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Discussion Starter · #1 ·
Toward the end of this lengthy video
Gun Firing Pin Fit: GunTech #14 - In the Classroom - YouTube

The speaker says that if the firing pin fits sloppy, is too long, or is too pointed, the primer can spring a leak, and gasses from the cartridge case can flow backwards.

When this happens, he says that if you are not wearing glasses and you don't have a modern gun that has some kind of gas deflection system in it, the gases can go in face and burn/blind you.

What gas deflection system does Ruger use in the Mini?
 

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The GDSS is called Ruger.

They will not allow you to buy a firing pin. It must be fitted at the factory to your bolt to prevent the above mentioned issue from occuring.
 

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Discussion Starter · #3 ·
The GDSS probably has nothing to do with the firing pin. It is apparently something in the design of modern rifles that older rifles did not have. As far as I know, at least in the context of the video I linked to, the older rifles had firing pins but did not have GDSS's.
 

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I realize that.

What I'm saying is that the gasses flowing backwards is caused by a pierced primer.

Ruger custom fits the firing pin to the bolt to avoid any chance of piercing a primer. By custom fitting the firing pins (allowing the proper firing pin protrusion from the face of the bolt) they avoid the issue, and, most importantly, the liability.
 

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I'm just venturing a guess, but if gas was to escape through the primer and onto the bolt face it would have to go into the space between the firing pin and the bolt itself. Then, it'd have to travel through the length of the bolt and emerge from the back end, which is inside the receiver where the hammer is, all in the millisecond before the bolt is disengaged and is force back and the case is ejected. I wouldn't lose any sleep over this.
 

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Discussion Starter · #6 ·
Information on this subject is hard to find, but I found some other info that indicates that it is not just firing pin fit that is the issue, there can also be catastrophic failure of the round. The casing can split or the joint between the primer and the casing can separate.

The gases are under extreem pressures, according to the speaker, over 30,000 psi. The gases probably can escape quickly through a malfunctioning round or misfit firing pin. The gases probably escape before the bullet travels past the gas tube to activate the piston to disingage the bolt. The bolt is probably still locked when the gases are escaping.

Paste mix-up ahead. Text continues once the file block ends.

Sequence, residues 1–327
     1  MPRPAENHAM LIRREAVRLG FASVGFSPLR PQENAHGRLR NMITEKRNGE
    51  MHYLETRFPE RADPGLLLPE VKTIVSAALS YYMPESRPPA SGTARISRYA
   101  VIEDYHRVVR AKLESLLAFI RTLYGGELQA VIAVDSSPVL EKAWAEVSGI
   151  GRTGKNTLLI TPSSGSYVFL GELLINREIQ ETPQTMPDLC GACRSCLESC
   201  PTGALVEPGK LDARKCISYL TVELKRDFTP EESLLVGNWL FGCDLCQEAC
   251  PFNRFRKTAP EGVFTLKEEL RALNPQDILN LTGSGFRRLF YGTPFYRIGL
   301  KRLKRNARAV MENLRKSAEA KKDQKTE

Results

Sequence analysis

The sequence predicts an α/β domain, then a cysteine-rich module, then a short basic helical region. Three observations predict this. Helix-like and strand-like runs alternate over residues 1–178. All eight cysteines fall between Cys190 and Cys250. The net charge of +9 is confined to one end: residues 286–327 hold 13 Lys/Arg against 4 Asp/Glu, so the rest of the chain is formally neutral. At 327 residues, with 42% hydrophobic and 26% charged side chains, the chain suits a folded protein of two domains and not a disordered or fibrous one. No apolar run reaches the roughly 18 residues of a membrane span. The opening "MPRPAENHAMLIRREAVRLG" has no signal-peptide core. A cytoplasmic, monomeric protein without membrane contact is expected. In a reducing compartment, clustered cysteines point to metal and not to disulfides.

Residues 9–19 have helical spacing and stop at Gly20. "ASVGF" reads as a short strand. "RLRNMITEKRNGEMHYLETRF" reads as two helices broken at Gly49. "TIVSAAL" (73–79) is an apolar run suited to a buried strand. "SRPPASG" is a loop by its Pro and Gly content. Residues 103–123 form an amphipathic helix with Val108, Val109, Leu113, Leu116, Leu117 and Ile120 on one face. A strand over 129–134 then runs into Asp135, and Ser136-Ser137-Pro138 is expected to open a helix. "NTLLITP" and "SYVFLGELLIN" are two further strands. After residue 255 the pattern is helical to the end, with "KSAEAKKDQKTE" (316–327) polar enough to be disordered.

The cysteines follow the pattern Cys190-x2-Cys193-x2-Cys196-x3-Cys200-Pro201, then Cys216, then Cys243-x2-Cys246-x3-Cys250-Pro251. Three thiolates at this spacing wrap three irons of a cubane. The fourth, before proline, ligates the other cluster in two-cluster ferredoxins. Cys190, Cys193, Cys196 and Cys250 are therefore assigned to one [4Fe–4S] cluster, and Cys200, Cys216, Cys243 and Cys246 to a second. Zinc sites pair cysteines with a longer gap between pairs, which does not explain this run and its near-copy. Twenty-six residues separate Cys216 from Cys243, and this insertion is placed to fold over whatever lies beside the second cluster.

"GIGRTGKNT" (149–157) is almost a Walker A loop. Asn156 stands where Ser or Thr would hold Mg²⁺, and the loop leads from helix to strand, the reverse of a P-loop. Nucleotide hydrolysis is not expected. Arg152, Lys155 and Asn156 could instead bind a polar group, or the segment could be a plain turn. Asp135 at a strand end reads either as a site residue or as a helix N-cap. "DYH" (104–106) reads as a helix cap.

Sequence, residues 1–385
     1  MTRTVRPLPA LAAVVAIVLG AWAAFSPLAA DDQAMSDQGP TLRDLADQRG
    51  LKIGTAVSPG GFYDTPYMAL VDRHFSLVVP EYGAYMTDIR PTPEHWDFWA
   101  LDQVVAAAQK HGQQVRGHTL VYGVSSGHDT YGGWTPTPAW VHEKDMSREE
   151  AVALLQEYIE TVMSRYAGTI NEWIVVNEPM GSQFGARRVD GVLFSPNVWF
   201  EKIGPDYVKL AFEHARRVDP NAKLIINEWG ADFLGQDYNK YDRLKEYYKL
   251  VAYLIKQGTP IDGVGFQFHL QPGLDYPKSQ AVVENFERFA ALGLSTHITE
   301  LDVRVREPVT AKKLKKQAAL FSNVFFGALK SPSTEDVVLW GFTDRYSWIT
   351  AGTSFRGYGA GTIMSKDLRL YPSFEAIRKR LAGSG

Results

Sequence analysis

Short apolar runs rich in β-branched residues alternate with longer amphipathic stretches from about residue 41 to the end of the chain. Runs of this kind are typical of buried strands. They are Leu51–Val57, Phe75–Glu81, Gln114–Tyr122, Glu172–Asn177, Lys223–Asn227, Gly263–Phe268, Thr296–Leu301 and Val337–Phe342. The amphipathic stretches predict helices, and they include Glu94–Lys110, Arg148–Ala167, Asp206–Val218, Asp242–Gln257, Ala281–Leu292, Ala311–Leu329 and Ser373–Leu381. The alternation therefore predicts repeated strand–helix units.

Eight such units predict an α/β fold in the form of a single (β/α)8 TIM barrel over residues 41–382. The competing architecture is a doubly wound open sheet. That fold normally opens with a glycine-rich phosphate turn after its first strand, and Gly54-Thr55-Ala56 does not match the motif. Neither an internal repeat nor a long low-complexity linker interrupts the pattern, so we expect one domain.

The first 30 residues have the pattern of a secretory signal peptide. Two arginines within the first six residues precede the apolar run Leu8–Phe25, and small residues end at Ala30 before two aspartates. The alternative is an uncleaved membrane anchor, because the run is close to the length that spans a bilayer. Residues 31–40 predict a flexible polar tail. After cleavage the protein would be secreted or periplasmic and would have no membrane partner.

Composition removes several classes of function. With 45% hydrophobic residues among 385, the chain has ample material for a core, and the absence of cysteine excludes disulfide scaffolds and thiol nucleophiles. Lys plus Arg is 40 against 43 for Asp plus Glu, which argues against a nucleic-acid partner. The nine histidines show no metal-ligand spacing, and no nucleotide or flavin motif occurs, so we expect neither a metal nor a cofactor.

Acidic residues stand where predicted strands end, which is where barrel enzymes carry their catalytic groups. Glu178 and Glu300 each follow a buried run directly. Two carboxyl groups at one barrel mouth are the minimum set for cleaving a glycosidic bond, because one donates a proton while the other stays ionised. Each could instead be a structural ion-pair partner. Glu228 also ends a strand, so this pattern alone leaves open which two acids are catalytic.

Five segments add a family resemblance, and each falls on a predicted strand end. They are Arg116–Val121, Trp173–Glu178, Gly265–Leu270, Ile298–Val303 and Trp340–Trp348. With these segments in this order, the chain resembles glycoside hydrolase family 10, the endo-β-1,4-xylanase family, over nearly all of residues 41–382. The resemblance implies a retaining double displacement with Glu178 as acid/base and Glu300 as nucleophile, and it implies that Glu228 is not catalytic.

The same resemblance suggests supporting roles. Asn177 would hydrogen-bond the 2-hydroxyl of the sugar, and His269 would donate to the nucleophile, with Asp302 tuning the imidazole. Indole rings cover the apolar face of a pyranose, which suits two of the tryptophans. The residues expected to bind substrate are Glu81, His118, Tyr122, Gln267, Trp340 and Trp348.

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I pierced a primer once out of probably 2000 rounds I've fired out of my mini. I blame the ammo. You can see the firing pin hit is clean, I don't know much about reloading but maybe the primer was seated wrong.



BOXER PRIMED TULAMMO bought at wally world. I thought the round was a dud til it started smoking around the bolt locked in battery. Not super pressurized, but enough to make me put the rifle down and step back til she cooled off. I don't buy Tula anymore. ;)
 

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if the firing pin fits sloppy, is too long, or is too pointed, the primer can spring a leak, and gasses from the cartridge case can flow backwards.

When this happens, he says that if you are not wearing glasses and you don't have a modern gun that has some kind of gas deflection system in it, the gases can go in face and burn/blind you.

What gas deflection system does Ruger use in the Mini?
The Mini's bolt runs in a receiver that is closed at the back end - not open like a bolt action. Gas running along the firing pin from a pieced primer would first run into the hammer face inside the receiver. Such gas would have a lot of room to exapand into and no direct path to get to your face - the receiver is also open upward and downward away from the shooter. The Mini's firing pin length, or more exactly protrusion and the shape of the tip need to be within spec or there is a risk of primer piercing.

To make matters more intereting, firing pins have to be fitted to the bolt they will be used in - this is why Ruger insist on fitting your replacement firing pin, should you loose or break one - they don't sell spare firing pins because they don't want pieced primers. Even if a pieced primer in a Mini does not singe your eye lashes, it it happened on every shot the hot gas will erode the bolt face.